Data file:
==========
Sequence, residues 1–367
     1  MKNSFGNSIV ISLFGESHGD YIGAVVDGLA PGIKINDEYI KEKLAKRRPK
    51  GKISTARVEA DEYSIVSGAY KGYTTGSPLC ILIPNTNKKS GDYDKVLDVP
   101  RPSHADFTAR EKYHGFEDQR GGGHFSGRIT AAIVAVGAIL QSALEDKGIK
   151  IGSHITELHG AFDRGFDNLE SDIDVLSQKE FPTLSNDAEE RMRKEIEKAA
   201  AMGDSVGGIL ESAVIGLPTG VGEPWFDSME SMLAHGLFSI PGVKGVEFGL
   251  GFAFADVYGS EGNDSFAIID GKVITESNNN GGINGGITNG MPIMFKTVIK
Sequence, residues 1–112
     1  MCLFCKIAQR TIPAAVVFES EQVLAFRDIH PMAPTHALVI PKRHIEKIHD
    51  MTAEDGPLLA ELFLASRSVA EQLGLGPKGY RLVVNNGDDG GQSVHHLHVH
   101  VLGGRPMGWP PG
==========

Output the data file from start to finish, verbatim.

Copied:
Sequence, residues 1–367
     1  MKNSFGNSIV ISLFGESHGD YIGAVVDGLA PGIKINDEYI KEKLAKRRPK
    51  GKISTARVEA DEYSIVSGAY KGYTTGSPLC ILIPNTNKKS GDYDKVLDVP
   101  RPSHADFTAR EKYHGFEDQR GGGHFSGRIT AAIVAVGAIL QSALEDKGIK
   151  IGSHITELHG AFDRGFDNLE SDIDVLSQKE FPTLSNDAEE RMRKEIEKAA
   201  AMGDSVGGIL ESAVIGLPTG VGEPWFDSME SMLAHGLFSI PGVKGVEFGL
   251  GFAFADVYGS EGNDSFAIID GKVITESNNN GGINGGITNG MPIMFKTVIK
Sequence, residues 1–112
     1  MCLFCKIAQR TIPAAVVFES EQVLAFRDIH PMAPTHALVI PKRHIEKIHD
    51  MTAEDGPLLA ELFLASRSVA EQLGLGPKGY RLVVNNGDDG GQSVHHLHVH
   101  VLGGRPMGWP PG